James has called out President Trump for stoking racist sentiments and held a rally with Hillary Clinton during the 2016 presidential race. His comments on China managed to anger both liberals and conservatives, disappointing progressives who have often cheered his comments on racial justice and feuds with the president while proving useful social media fodder for conservatives who were already critics.

Many of his progressive fans have certainly noticed free speech and the cause of human rights seem to apply only in selective circumstances for the NBA. The online right meanwhile called him subservient to Communist China, and Republican senators decided to take an opportunity to chastise James for the Chinese government’s actions.

The @NBA had a tough week?

The million+ Uyghurs Communist China has in re-education camps had a tough week. The people of HK fighting for human rights & autonomy had a tough week.

You’re right, @KingJames. People need to understand what a tweet or statement can do to others. https://t.co/pCIQ305rf4

— Rick Scott (@SenRickScott) October 15, 2019

Why LeBron and the NBA catch so much heat over China and Hong Kong

The firestorm over James’s comments neatly encapsulates the problem the NBA, which generally wants to be seen as the progressive American sports league, has faced with the China crisis. Every news story must mention that the league and its players have billions of dollars in business in China. That lends itself to the unavoidable conclusion that free speech is conditional in the NBA — up until it puts the money at risk.

As Tom Ziller wrote for SB Nation, after the league rebuked Morey:

The message to NBA players, coaches and staff is that you can be as political as you want so long as it only offends people without real power to affect the bottom line. Silver isn’t afraid of Trump’s ability to hurt his business, so NBA personalities can say whatever they want about him. But his stance is different when it comes to Chinese President Xi Jinping, who could theoretically rocket the league right out of China if he wanted. That reality informs the NBA’s response, and so far, Silver and the league look awfully bad.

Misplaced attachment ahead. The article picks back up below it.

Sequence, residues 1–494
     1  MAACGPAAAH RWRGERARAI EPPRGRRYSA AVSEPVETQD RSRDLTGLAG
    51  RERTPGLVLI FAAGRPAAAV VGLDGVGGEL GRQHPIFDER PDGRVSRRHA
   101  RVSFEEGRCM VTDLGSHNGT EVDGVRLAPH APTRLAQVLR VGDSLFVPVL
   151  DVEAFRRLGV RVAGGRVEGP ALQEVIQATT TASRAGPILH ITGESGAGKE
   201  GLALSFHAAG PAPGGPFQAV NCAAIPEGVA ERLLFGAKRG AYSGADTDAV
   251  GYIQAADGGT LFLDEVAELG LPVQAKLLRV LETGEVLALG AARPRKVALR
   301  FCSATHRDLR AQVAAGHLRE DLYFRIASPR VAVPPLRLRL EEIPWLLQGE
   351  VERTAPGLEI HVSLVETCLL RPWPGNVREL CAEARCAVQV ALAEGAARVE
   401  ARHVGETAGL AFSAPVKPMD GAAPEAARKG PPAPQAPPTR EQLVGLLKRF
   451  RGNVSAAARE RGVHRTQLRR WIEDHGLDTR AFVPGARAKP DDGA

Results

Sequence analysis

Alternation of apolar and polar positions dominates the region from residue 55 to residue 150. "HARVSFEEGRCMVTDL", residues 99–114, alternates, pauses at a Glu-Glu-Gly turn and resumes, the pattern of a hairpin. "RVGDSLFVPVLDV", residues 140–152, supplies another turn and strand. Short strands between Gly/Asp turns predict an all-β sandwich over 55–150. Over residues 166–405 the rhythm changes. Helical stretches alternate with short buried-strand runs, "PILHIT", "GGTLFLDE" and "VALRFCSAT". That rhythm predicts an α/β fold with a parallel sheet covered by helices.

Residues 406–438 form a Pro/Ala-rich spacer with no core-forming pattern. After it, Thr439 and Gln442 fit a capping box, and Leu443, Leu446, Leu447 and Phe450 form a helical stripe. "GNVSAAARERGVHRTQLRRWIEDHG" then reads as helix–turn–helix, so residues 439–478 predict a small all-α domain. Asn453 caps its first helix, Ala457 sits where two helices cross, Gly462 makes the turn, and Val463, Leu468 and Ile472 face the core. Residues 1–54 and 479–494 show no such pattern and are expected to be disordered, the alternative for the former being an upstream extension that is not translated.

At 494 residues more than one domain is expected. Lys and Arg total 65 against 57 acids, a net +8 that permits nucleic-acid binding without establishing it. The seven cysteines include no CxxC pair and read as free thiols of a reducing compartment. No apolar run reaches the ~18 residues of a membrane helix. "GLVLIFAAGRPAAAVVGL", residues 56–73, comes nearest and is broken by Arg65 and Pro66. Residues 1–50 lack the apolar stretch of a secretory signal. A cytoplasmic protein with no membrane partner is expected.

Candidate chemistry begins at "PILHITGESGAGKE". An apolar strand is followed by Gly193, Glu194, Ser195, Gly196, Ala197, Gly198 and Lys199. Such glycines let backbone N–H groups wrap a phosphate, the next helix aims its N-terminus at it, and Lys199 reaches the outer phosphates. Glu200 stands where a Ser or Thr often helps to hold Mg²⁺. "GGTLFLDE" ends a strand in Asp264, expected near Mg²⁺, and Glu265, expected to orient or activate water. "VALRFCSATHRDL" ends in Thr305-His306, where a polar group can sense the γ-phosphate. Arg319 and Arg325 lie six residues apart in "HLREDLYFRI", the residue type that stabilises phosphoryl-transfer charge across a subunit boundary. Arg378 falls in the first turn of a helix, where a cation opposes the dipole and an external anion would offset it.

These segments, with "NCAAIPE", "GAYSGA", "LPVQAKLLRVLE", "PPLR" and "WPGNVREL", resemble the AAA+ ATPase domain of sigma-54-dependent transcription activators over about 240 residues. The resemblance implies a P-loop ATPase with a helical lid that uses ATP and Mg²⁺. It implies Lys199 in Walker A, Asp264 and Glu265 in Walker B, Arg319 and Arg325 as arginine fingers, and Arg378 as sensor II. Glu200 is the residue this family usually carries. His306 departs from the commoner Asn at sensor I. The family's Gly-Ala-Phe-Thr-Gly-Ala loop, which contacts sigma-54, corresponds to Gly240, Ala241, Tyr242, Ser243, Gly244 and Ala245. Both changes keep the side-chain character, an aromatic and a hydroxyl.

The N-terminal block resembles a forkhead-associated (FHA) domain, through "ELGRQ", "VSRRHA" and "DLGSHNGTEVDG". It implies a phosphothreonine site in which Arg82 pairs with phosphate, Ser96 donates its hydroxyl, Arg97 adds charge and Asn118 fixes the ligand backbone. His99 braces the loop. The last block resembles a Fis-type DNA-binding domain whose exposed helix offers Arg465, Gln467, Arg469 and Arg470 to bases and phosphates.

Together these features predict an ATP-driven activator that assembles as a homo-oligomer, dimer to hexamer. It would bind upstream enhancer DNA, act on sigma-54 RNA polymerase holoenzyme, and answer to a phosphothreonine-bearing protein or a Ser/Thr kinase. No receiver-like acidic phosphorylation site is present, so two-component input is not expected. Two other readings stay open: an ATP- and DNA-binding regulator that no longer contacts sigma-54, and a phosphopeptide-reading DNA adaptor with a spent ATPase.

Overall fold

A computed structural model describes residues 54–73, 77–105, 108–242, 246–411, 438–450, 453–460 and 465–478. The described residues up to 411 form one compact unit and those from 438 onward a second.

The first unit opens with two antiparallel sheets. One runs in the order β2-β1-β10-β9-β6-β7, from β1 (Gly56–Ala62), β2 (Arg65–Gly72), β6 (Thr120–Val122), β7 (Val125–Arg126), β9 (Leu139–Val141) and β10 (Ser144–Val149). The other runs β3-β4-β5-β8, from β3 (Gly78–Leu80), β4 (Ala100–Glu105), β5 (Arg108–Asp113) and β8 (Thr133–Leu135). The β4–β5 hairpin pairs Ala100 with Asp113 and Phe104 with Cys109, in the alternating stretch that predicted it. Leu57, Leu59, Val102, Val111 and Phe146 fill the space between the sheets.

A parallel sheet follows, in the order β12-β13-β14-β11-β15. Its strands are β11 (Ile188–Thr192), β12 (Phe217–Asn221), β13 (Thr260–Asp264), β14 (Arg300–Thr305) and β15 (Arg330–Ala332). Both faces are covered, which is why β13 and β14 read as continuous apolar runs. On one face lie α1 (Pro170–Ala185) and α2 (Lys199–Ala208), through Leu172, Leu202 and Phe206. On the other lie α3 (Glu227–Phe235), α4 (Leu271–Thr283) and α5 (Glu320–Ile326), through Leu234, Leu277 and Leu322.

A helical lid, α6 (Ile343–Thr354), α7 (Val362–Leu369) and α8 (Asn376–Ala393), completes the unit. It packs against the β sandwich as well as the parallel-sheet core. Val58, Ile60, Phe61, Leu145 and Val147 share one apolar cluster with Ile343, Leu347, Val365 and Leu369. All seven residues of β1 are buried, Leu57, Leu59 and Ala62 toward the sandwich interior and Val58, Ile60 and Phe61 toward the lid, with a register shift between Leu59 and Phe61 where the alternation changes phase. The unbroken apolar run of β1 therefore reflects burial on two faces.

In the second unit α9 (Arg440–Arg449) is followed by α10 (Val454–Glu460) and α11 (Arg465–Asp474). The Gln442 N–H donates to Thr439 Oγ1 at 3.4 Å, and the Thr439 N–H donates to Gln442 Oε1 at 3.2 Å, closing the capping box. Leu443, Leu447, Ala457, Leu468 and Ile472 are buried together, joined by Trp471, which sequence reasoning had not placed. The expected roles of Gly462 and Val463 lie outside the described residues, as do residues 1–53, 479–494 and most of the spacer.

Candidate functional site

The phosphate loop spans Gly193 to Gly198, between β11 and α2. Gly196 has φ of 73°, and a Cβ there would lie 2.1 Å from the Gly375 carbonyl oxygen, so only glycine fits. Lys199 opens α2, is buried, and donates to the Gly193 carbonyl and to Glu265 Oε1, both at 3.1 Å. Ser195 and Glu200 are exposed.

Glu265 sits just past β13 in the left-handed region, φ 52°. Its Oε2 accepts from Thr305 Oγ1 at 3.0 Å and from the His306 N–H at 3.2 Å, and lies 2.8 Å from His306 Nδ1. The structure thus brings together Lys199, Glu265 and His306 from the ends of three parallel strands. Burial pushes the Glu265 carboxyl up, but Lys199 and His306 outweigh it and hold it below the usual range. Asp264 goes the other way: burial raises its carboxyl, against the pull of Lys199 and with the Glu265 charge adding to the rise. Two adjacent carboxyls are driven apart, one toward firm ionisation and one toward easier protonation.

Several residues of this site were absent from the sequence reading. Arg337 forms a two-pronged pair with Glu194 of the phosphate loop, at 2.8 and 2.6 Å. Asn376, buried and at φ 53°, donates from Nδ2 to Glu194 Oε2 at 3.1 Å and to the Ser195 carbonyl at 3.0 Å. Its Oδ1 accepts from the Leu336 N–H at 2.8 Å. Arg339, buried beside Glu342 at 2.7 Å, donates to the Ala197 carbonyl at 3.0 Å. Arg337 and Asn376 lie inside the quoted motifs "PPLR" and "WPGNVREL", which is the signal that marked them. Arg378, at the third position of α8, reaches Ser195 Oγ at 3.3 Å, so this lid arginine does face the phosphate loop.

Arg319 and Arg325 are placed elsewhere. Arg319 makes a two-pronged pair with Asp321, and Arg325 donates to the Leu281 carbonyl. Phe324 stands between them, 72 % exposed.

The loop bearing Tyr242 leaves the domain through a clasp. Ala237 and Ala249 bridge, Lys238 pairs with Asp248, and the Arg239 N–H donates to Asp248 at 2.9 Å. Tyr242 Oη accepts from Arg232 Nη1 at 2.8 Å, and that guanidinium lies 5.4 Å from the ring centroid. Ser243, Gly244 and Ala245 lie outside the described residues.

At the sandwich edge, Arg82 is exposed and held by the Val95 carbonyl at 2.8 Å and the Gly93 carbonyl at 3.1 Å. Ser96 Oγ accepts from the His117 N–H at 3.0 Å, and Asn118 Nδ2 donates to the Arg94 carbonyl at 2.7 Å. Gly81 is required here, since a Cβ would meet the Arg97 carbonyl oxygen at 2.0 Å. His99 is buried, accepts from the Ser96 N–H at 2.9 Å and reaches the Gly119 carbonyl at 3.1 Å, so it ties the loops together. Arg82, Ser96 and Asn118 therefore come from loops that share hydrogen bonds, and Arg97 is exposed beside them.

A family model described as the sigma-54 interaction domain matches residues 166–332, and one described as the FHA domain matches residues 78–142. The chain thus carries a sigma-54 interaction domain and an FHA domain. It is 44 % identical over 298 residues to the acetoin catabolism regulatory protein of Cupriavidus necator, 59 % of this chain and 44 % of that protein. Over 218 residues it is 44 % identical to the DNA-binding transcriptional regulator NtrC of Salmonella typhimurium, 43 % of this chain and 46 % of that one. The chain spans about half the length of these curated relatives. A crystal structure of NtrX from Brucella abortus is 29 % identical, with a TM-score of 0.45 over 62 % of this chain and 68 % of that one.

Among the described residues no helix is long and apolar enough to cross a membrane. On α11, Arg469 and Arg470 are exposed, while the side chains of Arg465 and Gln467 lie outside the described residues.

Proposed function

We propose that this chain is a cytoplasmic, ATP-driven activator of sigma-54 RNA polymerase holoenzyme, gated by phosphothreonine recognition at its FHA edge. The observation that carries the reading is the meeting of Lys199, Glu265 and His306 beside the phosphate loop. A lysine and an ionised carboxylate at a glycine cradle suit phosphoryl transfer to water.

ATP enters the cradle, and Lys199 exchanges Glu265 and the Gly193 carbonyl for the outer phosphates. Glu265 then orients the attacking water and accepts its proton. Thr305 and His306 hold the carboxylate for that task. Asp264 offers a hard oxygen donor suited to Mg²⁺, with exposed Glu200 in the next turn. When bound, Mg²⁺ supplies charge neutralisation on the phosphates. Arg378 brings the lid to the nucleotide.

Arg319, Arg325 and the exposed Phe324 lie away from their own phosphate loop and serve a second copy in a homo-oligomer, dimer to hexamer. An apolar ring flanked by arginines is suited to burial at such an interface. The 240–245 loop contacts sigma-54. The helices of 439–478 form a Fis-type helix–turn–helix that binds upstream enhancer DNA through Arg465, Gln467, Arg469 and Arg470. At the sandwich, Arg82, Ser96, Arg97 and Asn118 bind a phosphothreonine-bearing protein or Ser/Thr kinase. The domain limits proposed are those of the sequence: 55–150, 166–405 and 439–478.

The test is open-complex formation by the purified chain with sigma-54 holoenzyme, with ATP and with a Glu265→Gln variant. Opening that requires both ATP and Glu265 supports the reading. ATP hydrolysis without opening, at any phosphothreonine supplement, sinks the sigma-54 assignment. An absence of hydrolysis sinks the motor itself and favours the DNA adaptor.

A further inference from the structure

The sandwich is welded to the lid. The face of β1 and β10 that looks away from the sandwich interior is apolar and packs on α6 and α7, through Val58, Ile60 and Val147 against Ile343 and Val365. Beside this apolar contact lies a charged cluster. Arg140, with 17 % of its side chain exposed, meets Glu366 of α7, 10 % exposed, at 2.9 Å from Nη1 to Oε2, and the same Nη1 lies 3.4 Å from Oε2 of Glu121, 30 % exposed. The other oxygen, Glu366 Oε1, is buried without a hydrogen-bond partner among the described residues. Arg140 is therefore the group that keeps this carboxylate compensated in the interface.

The NBA’s courtship of China has an interesting and complicated origin — in the telling of this Ethan Strauss story for the Athletic, the bottom line seems to be that the NBA might be maxing out its market share in the United States. China is seen as fertile and potentially lucrative new ground, a country with millions of fans who first came to the game following Rockets star Yao Ming.

The basketball league certainly isn’t alone. As Terry Nguyen wrote for Vox, many US brands struggle to have it both ways; they risk censorship from China if they are seen as critical of the country, but they could alienate their US customers by kowtowing to an authoritarian government suppressing pro-democracy protests. So they equivocate.

But, however fairly, more was expected of James. And of the NBA. This is a player who is the subject of serious speculation about a future run for political office, though this is not the first time a political crisis involving China has been a PR stumble for James. This is a league with head coaches like Steve Kerr, proudly outspoken on domestic issues (and often against Trump) but who have hushed up over Hong Kong.

Strong majorities of both parties hold unfavorable views toward China, according to the Pew Research Center. Getting squishy on China and free speech isn’t usually a winner in America with progressives or conservatives. The latter, long angry with James for his barbs at Trump, simply saw this as confirmation that Bron is with the communists. But many of the former are disappointed too. This was a star and a league they had come to expect a little more from.